Most of you probably have grown petunias. Some of you have moved on, while others remain faithful to this favorite annual flower. And there’s a new wave of petunias making a big splash in the garden.
The plant: Most of you probably have grown petunias. Some of you have moved on, while others remain faithful to this favorite annual flower. And there’s a new wave of petunias making a big splash in the garden.
This award-winning Double Wave hybrid has won the hearts of gardeners who are “so over” the traditional petunia and has caught on with gardeners new to cultivating petunias. Not only are the Double Wave petunias easy to grow, they are more weather-tolerant and easier to maintain, and they put out luscious, double carnation-looking flowers that last all season.
The petunia is a member of the Solanaceae family, calling tomatoes, potatoes and peppers their cousins. The petunia genus was established in 1803 based on wild species found in South America. Double-flowered petunias are mentioned in the early 1900s, but it wasn’t until the early 1950s that serious hybridization began. The New Wave series introduced in 1995 has revolutionized and transformed the petunia into the “it” flower of the 21st century. Despite these advances, our adorable desert bunnies will still munch any petunia for lunch, so take care to place them out of reach.
Growing guide: Full sun or light shade.
Culture: Prepare soil for flowering plant cultivation. I like to use a fertilizer with mycorrhizae and trace minerals. Trace minerals and mycorrhizal fungi spores provide essential mineral elements and add vital biological life to garden soils and potting mixes. Mycorrhizae can help a plant to absorb 10 to 50 times more nutrients and to take up minerals normally not available. The result is more robust, healthy and disease-resistant plants.
Plant in fall or early spring. You’ll find transplants at nurseries, but if you want to grow unusual varieties or colors there are many options from seed catalogs or online. We normally think of petunias as good container plants, but the Double Wave petunia can make an impressive ground cover, too. They are low-growing at just 4 to 6 inches tall, but can sprawl up to 3 feet in diameter. Plant one plant per every square foot for good coverage.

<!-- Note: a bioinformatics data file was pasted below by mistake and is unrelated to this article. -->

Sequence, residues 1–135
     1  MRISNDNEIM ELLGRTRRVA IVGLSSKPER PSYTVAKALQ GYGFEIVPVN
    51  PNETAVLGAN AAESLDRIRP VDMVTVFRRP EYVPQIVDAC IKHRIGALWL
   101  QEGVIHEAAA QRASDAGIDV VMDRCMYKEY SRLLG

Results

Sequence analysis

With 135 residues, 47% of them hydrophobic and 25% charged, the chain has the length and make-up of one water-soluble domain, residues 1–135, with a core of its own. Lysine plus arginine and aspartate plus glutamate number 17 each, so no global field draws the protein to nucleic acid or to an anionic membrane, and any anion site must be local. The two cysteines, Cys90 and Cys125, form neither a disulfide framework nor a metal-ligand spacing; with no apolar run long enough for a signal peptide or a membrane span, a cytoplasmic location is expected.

It’s easy to look like a gardener extraordinaire when planting them in containers. Their full, lush appearance can put on quite a show hanging from a porch, balcony or patio container. I love the baskets you see hanging from light posts in quaint Victoria, British Columbia. To get the same rounded, cascading look at your house, use a moss-lined basket. Plant four plants in a 10-inch-diameter basket working up to 10 plants in an 18-inch-diameter basket. Insert up to 10 more transplants into the sides of the basket to achieve the overflow of color. Water deeply. Soil should be well-drained and kept moist as heat rises.
Maintenance: To keep up with the fast, sprawling growth, apply organic fertilizer monthly or every couple of weeks. If you prepared the soil well, a liquid feed of hydrolyzed fish emulsion and seaweed extract should keep your petunias happy. Yellow leaves signal the need for nitrogen. Apply a good slow-release or heavy one-time application of organic fertilizer.
Although Double Wave petunias are more disease-resistant than others, it’s still a good idea to rotate planting areas each year to keep them disease-free. Botrytis is a common fungal ailment unkind to petunias that can survive winter in soil. Unlike traditional petunias, Double Wave petunias continue to bloom freely without being trimmed back.
Barn Goddess tips: Tidal Wave Silver F1 is among the most heat-tolerant of the sprawling petunias. They are an aggressive grower and are botrytis-resistant. They are considered a “hedgiflora,” meaning plants can take on a shrub appearance. The silvery blooms make Tidal Wave Silver F1 a perfect flower for moon gardens.